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OSHA Inspects and Cites Manufacturer in Accordance with the National Emphasis Program for Combustible Dust

The Board for Global EHS Credentialing® reminds workers and industry of the need to address combustible dust hazards in the workplace to safeguard against tragic explosions.

Lansing, MI – WEBWIRE

Preventing the accumulation of dust that could lead to a catastrophic explosion resulting in deaths, injuries, and the destruction of property is a critical function in many industrial and manufacturing facilities.

This summer the Occupational Safety and Health Administration (OSHA) announced it had conducted an inspection in accordance with the National Emphasis Program (NEP) for Combustible Dust at a manufacturing plant in Georgia. The company was cited and faces significant penalties for allowing combustible dust to accumulate on surfaces, failing to implement a respiratory protection program, and other violations.
The Combustible Dust National Emphasis Program (OSHA Directive CPL 03-00-008) first became effective over a decade ago. Updates were later made to the directive in 2015. It provides policies and procedures for inspecting workplaces that create or handle combustible dusts. In some circumstances these dusts may cause a deflagration, other fires, or an explosion. The types of dusts include, but are not limited to, metal dust such as aluminum and magnesium; wood dust; coal and other carbon dusts; plastic dust and additives; biosolids; other organic dust such as sugar, flour, paper, soap, and dried blood; and certain textile materials. Some of the industries identified by OSHA that handle combustible dusts include agriculture, chemicals, textiles, forest and furniture products, wastewater treatment, metal processing, paper products, pharmaceuticals, and recycling operations (metal, paper, and plastic).
“Preventing the accumulation of dust that could lead to a catastrophic explosion resulting in deaths, injuries, and the destruction of property is a critical function in many industrial and manufacturing facilities,” said Dirk Yamamoto, PhD, CIH® and Chair of the Board for Global EHS Credentialing®. “In these industries, programs need to designed, implemented, and managed to identify and mitigate potential combustible dust dangers in the workplace.”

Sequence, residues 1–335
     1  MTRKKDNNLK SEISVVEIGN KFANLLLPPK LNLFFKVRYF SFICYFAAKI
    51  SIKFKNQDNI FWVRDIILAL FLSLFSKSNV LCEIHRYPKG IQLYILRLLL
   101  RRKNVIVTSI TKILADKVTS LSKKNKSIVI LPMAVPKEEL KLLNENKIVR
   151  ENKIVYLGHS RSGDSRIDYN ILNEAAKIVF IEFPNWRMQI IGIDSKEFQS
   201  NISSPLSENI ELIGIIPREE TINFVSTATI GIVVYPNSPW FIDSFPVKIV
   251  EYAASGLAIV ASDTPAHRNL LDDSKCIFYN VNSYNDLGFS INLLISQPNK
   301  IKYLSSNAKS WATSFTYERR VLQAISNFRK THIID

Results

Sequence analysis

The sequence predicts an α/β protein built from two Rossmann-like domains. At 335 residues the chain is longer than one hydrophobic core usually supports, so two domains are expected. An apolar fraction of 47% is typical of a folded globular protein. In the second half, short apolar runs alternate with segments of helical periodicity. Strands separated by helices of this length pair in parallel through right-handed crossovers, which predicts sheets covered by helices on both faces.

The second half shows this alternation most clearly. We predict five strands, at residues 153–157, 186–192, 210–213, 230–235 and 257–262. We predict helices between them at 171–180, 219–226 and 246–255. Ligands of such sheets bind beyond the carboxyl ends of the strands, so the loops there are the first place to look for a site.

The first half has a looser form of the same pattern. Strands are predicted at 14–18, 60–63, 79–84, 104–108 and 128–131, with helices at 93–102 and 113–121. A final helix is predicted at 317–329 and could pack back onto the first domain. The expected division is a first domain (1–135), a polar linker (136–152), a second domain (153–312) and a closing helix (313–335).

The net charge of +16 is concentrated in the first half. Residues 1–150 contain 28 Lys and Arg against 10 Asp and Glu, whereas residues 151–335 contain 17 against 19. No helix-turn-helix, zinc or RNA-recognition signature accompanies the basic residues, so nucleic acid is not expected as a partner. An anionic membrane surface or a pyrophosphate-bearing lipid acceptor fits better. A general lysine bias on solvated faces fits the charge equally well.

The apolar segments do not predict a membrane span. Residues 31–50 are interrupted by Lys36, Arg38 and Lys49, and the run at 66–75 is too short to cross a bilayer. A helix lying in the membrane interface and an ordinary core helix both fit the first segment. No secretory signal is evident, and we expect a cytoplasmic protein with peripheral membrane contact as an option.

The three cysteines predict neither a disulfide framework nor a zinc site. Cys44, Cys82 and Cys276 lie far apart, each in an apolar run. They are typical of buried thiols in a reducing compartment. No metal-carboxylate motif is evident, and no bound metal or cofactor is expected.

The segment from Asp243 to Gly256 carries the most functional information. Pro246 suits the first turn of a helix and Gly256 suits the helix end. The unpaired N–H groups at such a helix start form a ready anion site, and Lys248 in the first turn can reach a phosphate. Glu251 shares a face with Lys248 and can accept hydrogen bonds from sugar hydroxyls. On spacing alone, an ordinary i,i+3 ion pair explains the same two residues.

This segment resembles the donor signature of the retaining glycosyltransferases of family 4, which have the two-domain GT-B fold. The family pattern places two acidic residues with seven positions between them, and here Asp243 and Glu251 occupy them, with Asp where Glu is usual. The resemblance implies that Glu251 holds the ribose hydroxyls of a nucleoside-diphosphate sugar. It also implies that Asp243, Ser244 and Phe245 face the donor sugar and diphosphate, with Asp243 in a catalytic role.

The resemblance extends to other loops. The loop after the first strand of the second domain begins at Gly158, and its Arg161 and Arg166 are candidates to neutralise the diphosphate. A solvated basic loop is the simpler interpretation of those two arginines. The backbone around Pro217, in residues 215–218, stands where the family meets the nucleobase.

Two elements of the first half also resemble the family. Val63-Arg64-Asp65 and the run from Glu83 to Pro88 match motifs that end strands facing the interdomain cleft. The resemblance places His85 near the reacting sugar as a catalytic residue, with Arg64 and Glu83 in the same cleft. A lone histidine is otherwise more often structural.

Certified Industrial Hygienists (CIHs) are trained to recognize and prevent these types of risks for workers and the public. Core competencies of the CIH® program that are critical for identifying hazards include workplace assessments; air sampling and instrumentational analysis; chemical and biohazards; engineering controls and ventilation; health risk analysis and hazard communication; and work environments and industrial processes. These and other central components of the Certified Industrial Hygienist® program are crucial for establishing and maintaining a safe and healthy work environment to protect employees and help companies avoid costly noncompliance penalties.
About the Board for Global EHS Credentialing® (BGC®) and Its Credentials and Designations
Founded in 1960, the Board for Global EHS Credentialing’s mission is to be the leader in offering credentials that elevate the technical and ethical standards for professionals practicing the science of protecting, managing, and enhancing the health and safety of people and the environment. The American Board of Industrial Hygiene® (ABIH®) and the Institute of Professional Environmental Practice® (IPEP®) are credentialing divisions of the BGC, offering the Certified Industrial Hygienist® (CIH®) credential, Qualified Environmental Professional® (QEP®) credential, and the Environmental Professional In-Training® (EPI®) designation. 
Currently, more than 7,600 people around the world hold the CIH credential, QEP credential, or EPI designation. To locate a CIH to perform industrial hygiene services, please email a request to . To learn more about a BGC credential or designation, please visit, email or call (517) 321-2638.

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 Industrial Hygiene
 Combustible Dust
 Occupational Safety

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